With the clock ticking on the federal mandate for Pittsburgh to fix its nagging storm water problem, a handpicked group of experts has focused on the South Side for new ways of keeping sewage out of the rivers.
More than 60 engineers, landscape architects, environmental scientists and planners volunteered last week for the three-day "South Side Green Infrastructure Charrette" and targeted the old Birmingham neighborhood.
The Brew House Association, an artists' collective located at the former Duquesne Brewing Co. building on South 21st Street, provided free use of its ground floor for the project, and 19 companies sponsored the event, including the Allegheny County Sanitary Authority, Pittsburgh Water & Sewer Authority and UPMC.
Whatever is learned by controlling storm water runoff along the half-mile strip of South 21st Street, from South Side Park to the Monongahela River, could be applied to neighborhoods throughout the city.
"This is the first time we've done an exercise like this with a specific boundary," said Joel Perkovich, a sustainable design manager at Studio Phipps and event chairman at the Green Infrastructure Network, the group that organized the design exercise.
The central issue of the event was storm water runoff. When it storms in Pittsburgh, rainwater flows into sanitary sewers, overflowing pipes and spilling raw sewage into the rivers at the rate of approximately 1 billion gallons per year. The sewage outflow is in violation of the federal Clean Water Act.
In 2008, the Environmental Protection Agency gave Alcosan until 2026 to fix its problem. In January, the EPA rejected Alcosan's proposal, leaving the authority searching for solutions.
The proposals put forth by the green network could be just what Alcosan and the EPA are looking for.
Mr. Perkovich hopes that "green infrastructure" will be part of those solutions and wants to use South 21st Street as an example of how Pittsburgh could keep rainwater out of the sewer system while also beautifying the city and improving residents' quality of life.
Currently, storm water gets routed into bigger and then bigger pipes, where it either spills into the river or reaches the Alcosan sewage treatment facility.
Instead of allowing that water flow to Alcosan, Mr. Perkovich wants to capture rainwater close to where it lands. By installing "pervious landscapes" -- a combination of soil, vegetation and water-soluble hardtop surfaces -- he believes most rainwater could be kept out of the sewers, decreasing the flow to Alcosan.
Brad Palmisiano, an engineer, and his design team observed that ground water from naturally occurring springs at South Side Park currently flows directly into a sewer catch basin.
His team envisioned a South Side Park where pervious landscapes put water back into the ground.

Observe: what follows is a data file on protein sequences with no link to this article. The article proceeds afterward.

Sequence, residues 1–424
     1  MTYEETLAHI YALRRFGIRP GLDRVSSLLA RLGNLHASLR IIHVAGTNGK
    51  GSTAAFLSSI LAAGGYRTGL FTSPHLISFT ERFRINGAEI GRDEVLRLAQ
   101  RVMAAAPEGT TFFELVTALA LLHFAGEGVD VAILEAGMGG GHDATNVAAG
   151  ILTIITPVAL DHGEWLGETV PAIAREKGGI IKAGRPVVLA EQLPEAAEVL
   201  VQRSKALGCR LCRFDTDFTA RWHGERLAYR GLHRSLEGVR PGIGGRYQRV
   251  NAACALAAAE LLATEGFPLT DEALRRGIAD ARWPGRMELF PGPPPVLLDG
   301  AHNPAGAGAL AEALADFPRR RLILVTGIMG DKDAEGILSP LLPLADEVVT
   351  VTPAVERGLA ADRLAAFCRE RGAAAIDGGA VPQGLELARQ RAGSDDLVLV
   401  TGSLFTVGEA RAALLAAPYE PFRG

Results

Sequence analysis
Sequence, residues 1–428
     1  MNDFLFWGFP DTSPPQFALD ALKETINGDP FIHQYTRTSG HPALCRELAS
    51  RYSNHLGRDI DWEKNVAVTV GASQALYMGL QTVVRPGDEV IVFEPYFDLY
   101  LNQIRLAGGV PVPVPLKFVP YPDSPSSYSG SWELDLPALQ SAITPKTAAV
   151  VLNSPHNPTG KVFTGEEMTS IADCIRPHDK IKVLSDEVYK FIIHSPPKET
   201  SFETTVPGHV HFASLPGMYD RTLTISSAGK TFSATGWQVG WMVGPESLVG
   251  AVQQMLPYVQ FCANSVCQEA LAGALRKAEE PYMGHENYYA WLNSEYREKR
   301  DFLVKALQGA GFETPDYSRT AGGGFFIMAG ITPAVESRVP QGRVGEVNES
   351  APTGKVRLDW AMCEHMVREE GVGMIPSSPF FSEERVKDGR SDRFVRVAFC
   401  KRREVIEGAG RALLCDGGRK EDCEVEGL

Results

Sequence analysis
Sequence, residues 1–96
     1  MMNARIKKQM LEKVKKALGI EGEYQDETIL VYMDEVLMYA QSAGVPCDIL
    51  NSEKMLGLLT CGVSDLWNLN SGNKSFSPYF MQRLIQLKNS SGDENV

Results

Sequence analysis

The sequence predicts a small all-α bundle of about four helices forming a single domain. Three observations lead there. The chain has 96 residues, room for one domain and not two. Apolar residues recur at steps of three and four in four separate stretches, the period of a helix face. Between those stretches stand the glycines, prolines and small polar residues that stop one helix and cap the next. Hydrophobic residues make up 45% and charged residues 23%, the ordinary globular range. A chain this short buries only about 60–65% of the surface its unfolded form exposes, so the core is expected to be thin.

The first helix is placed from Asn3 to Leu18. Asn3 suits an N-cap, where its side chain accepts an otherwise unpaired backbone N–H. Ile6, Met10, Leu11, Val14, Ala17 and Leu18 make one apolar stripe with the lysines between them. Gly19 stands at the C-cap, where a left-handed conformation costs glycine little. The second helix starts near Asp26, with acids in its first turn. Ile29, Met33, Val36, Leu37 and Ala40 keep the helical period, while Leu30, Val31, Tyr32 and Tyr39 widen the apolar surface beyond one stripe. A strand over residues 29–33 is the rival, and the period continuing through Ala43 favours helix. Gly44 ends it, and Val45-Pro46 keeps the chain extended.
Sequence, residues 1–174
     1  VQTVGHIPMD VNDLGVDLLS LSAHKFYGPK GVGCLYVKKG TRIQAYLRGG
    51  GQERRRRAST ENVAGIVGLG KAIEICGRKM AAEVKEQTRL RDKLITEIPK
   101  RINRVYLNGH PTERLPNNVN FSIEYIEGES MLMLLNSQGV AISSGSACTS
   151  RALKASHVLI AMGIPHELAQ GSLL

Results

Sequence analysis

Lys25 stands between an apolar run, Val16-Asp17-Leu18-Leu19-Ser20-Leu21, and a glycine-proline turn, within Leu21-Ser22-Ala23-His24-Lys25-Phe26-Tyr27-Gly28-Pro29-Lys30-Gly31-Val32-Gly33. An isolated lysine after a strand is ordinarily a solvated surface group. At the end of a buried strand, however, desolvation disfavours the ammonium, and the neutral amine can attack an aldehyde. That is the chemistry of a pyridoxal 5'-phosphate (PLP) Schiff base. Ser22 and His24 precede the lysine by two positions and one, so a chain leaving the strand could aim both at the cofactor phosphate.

"The big-picture goal is to capture the volume produced by the 1-inch storm event and reduce pollution that would otherwise be overflowing into the river," said Joe Fello, a civil engineer with GAI Consultants, who participated in the design session. Mr. Fello said that green infrastructure would beautify the city, as well as reduce flooding.
Mr. Fello worked on a design team that looked at the section of South 21st Street near UPMC Mercy's South Side Outpatient Center, a part of the street that includes median parking spaces where trolley tracks once ran. Mr. Fello and his team propose redesigning the street, replacing some of those parking spaces with green space that would absorb water.
"The area would be permit-parking only, for residents," said Frank Dawson, a landscape architect. Mr. Dawson said that parking is always a concern, but he believed 70 percent of the spaces could be retained.
Greg Scott, an engineer, worked on an alternate design for that section of South 21st Street. His team would remove the parking spaces altogether and redesign the road so that it zig-zags, with alternating fields of green space on each side of the road. Mr. Scott said this would calm traffic, add public space, and give some residents a front yard of sorts.
Lisa Hollingsworth-Segedy, an associate director at American Rivers, went door-to-door around South 21st Street, talking with residents, and said that any good design must involve the community.
"We can sit here and draw these plans, but it's not going to happen if it's not what the community needs," she said.
For Matt Graham, a founding partner of Landbase Systems with a background in landscape architecture, green infrastructure is also a better way to spend money from utility fees.
"If we've taken water out of the gray-water system and put it on green, it's one more gallon we don't have to treat," said Mr. Graham. "Spend the money on maintenance rather than gray-water treatment."
Correction, posted April 14: An earlier version of this article referred to storm water runoff flowing into the Allegheny River; this has been corrected to change that reference to the Monongahela River.
Brett Sholtis: firstname.lastname@example.org and 412-263-1581.